The split comes in part over theological differences regarding same-sex unions and the ordination of LGBTQ clergy and leaves many who remain in the RCA concerned for the denomination’s survival.
The structure of the RCA includes a General Synod that sets the direction and tone for denominational ministry. Churches do not have to follow the General Synod’s recommendations, and regional church groups have authority over matters such as discipline and ordination.
All RCA churches follow the Book of Church Order, also known as the BCO, a document that includes the RCA’s Constitution, liturgy and doctrinal standards.
But there’s nothing in the BCO that explicitly addresses sexuality, David Komline, associate professor of church history at Western Theological Seminary of the Reformed Church in America, told Episcopal News Service in October.
“The General Synod has repeatedly made statements that are more traditional in orientation about sexuality, but those are just statements. There are no mechanisms in place to hold people accountable to these statements,” Komline said.
In 2016, conservative RCA members pushed for the General Synod to amend the BCO to define marriage as between a woman and a man, but the measure failed. The majority of LGBTQ-affirming churches in the RCA are in the Northeast and West.
Before the split, the nearly 400-year-old RCA had fewer than 200,000 members and 1,000 churches.
At least 125 churches from various denominations are in conversation with ARC leaders about joining.
“I really think the mass exodus of all these conservative churches is going to throw the RCA into a really difficult financial situation,” Steven Rodriguez, an RCA church planter in Brockport, New York, told Religion News Service. “I doubt the RCA will be financially sustainable for much longer.”
In October, the General Synod adopted measures for “grace-filled separation” with departing churches and to appoint a team to develop a restructuring plan for those that remain.
The new denomination, besides not affirming same-sex marriage or ordination of LGBTQ individuals, will have a strong emphasis on church planting and feature a flexible organizational model meant to foster theological alignment and efficient decision-making, according to ARC leaders.
“We have a passion for this remnant of believers to become a part of reformation and revival in the Northern Hemisphere,” said Tim Vink, the new denomination’s director of spiritual leadership and outreach. “Part of our strategic thinking is designing things for the 21st century that allows a multiplication of gospel-saturated churches and a multiplication of disciples.”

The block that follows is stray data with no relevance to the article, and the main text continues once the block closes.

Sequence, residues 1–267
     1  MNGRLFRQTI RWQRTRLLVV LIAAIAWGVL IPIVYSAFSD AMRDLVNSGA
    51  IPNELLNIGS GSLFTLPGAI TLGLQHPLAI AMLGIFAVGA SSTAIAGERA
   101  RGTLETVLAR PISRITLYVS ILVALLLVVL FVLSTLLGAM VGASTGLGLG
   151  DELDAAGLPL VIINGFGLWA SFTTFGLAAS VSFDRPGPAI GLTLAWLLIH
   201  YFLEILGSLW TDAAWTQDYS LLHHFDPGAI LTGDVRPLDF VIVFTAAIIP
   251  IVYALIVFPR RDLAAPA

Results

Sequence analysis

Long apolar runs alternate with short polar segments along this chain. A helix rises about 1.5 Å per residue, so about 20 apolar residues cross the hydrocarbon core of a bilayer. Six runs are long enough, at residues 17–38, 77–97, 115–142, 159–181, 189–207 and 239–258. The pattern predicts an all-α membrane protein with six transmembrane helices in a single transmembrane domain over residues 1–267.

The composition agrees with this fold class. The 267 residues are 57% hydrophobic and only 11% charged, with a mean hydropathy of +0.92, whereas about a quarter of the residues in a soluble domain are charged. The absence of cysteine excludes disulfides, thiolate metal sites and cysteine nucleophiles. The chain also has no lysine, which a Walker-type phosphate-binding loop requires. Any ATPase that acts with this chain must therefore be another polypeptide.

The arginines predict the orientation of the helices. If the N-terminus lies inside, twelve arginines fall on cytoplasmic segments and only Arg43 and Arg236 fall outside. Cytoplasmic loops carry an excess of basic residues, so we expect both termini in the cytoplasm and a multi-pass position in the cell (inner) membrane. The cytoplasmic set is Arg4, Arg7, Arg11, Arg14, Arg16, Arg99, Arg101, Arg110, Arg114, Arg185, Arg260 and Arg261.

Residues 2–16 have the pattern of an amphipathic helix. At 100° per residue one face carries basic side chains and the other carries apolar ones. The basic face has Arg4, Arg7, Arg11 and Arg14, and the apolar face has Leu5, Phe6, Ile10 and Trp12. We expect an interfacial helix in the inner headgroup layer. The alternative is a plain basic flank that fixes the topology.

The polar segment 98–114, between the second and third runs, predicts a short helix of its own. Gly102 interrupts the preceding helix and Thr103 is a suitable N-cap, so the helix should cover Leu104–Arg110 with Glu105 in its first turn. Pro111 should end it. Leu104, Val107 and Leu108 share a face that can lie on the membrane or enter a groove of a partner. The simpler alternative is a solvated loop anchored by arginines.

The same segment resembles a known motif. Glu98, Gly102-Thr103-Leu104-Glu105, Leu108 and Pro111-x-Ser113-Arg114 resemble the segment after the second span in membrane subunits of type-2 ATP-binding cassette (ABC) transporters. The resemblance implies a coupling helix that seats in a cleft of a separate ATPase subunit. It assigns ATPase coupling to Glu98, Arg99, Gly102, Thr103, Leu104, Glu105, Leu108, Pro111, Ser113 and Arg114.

Other conservative-leaning churches in the RCA, as well as those in the Presbyterian Church in Canada, Christian Reformed Church in North America and Presbyterian Church in America, are also discerning whether to join the ARC, according to Vink.
Other groups, such as the Kingdom Network, a group of five churches in Indiana and Illinois, have formed and expect to absorb conservative churches leaving the RCA.
‘Safe landing pad for churches’
Vink said the new alignment will promote growth. “We want to be a safe landing pad for churches in the near term, but in the long term, want to be a serious launching pad for the church, in mission, to the world,” he said.
The creation of ARC, paired with the RCA’s decisions at General Synod, has put many RCA congregations in the position of deciding whether to stay in the RCA.
Yet the RCA is also committed to allowing departing churches to leave on good terms.
“We want to bless our brothers and sisters who are choosing to find another denominational family,” said Christina Tazelaar, director of communication for the RCA.
The launch of ARC is part of a larger realignment within North American Protestantism. The last two decades have seen conservative Episcopalians, Presbyterians and Lutherans form their own denominations over LGBTQ inclusion and sexuality, and the United Methodists are scheduled to consider a denominational split in the fall.
Another group, the Association of Related Churches, also uses the ARC acronym. The Association of Related Churches, launched in 2001, focuses on church planting and training for new church leaders. The ARC is evangelical and theologically conservative overall, but churches are considered nondenominational.
Each church within the Association of Related Churches is “legally autonomous, independently led, separately operated and solely accountable to their leadership, independent of the ARC organization,” according to the association’s website.
EDITOR’S NOTE — This story has been compiled with reporting from Religion News Service and The Baptist Paper.